Hi, I am hoping that you can help me. I found you on Google. I'm trying to understand what is the best wool to buy to make 3-D animals, people, characters. I thought I had it figured out. Then I came here to buy wool and got 100% confused again. Please, please tell me what the best wool for needlefelting is. Not wet felting, just needle felting. I've bought so much wool and I keep buying the wrong kind. I know Merino is good, but there are so many different ones. When someone says merino, which one? The tops, the carded, I don't even know what a rolag is. Please help. After all of this, please tell me that you ship to the U.S.!?? I looked at your
flower and the Alaskan, I would have not thought that that was the correct wool to use. I read what you used and I'm so confused. Thanks so much,
Ok, let's start from scratch and walk you through wool processing so you can understand the different forms of wool;
Each sheep is shorn usually once a year and the wool goes off to be processed;
- the fleece is sorted, topped and tailed to get rid of any waste and debris.
- the fleece is washed
- the fleece is scoured - here the fibres resemble shredded cotton wool balls. You can felt with this stage of fibre as there is no lanolin. As the fibres have lots of texture still, this will remain in your felt.
- the scoured fleece is then carded - making batting. Batting is almost reminiscent of quilting wadding, but comes apart very easily. This will add wisps of fibre to your work easily, or be good for cores to sculptures.
- batts are then taken to the first combing machines - this creates 'roving'. Roving is a ponytail length of fibre which has all of the fibres going in different directions.
- Roving is then combed again to form 'Combed Top'. Combed Top is the final stage of fibre production just before yarn spinning and so all of the fibres are nicely lined up for ease of pulling apart to spin with.
All of the these stages are good for felting with, wet or dry (from #2). Your choice of what to use when comes down to your personal preference and the texture you might like for your finished piece and so I urge you to experiment... only by experimenting can you find the fibre preparation you like... there is NO RIGHT OR WRONG.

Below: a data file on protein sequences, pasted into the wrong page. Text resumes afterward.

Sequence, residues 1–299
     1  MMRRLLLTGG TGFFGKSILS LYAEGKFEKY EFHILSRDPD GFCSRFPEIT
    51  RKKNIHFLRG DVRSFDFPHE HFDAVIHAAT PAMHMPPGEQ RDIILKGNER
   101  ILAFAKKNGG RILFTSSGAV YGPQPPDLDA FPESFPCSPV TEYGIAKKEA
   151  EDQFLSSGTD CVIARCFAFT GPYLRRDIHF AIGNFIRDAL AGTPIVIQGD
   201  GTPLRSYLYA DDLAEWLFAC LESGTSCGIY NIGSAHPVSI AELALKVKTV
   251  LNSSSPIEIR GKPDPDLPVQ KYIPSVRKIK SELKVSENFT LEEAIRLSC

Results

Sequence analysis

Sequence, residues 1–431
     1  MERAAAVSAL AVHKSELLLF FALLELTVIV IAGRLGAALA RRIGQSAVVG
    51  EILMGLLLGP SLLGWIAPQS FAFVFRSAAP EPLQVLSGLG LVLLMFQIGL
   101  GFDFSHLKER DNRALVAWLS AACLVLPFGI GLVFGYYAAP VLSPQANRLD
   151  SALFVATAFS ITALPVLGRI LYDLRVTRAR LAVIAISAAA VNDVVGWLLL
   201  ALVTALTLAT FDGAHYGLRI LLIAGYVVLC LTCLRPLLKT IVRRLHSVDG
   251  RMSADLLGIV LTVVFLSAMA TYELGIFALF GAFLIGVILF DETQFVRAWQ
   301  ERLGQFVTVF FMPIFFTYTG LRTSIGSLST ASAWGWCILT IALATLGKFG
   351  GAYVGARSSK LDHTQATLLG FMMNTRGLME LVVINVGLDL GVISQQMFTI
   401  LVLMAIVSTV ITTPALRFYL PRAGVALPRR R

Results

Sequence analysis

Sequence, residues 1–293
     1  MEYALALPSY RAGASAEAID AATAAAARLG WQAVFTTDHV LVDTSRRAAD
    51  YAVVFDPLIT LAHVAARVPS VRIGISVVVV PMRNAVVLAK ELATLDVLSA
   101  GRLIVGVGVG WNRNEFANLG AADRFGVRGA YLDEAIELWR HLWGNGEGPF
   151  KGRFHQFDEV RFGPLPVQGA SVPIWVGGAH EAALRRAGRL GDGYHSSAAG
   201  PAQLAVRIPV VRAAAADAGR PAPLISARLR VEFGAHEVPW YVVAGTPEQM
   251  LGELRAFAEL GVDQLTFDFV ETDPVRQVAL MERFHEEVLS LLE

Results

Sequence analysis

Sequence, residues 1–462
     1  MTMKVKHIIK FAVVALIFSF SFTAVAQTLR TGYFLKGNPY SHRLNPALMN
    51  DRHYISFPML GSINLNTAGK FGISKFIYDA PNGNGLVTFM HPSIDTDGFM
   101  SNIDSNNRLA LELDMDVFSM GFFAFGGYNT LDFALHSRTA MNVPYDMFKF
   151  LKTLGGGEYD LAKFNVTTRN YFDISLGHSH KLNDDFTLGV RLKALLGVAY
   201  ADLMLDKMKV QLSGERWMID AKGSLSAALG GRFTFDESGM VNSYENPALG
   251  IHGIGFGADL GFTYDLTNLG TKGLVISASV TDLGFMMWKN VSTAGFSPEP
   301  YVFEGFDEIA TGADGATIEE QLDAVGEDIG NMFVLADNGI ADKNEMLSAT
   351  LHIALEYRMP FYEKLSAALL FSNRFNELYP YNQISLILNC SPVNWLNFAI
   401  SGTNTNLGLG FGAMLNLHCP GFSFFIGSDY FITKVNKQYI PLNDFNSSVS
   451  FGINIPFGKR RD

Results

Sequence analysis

Hand carded batts and rolags by independent designers... these are mostly aimed at spinners, but can be felted with... batts more easily. I would use them purely for top layer decoration as they can be more expensive to buy and often have lots of texture and colour interest.
The perfect fibre for needle felting? All wool fibres will needle felt, every one. So there is NO RIGHT OR WRONG again here, but some will take longer than others to work with the needle. You should experiment and find what you like to work with. People often recommend Merino, but only because it is readily available on 100s of colours.
If you were wet felting then I might suggest trying certain fibres for certain felting methods, because each one felts differently... but in needle felting the needle does the felting and it only requires the fibres to have scales along the length of hair to form the 'knotting', or felting. As all wool has scaled individual hairs, all will needle felt... it's purely a personal choice as to which you prefer to work with. I suggest experimenting with what you have to see what you like so far.
I sell a range of product at www.sarastexturecrafts.com that would suit you. I ship worldwide.
I hope this helps.
Have a wonderful day,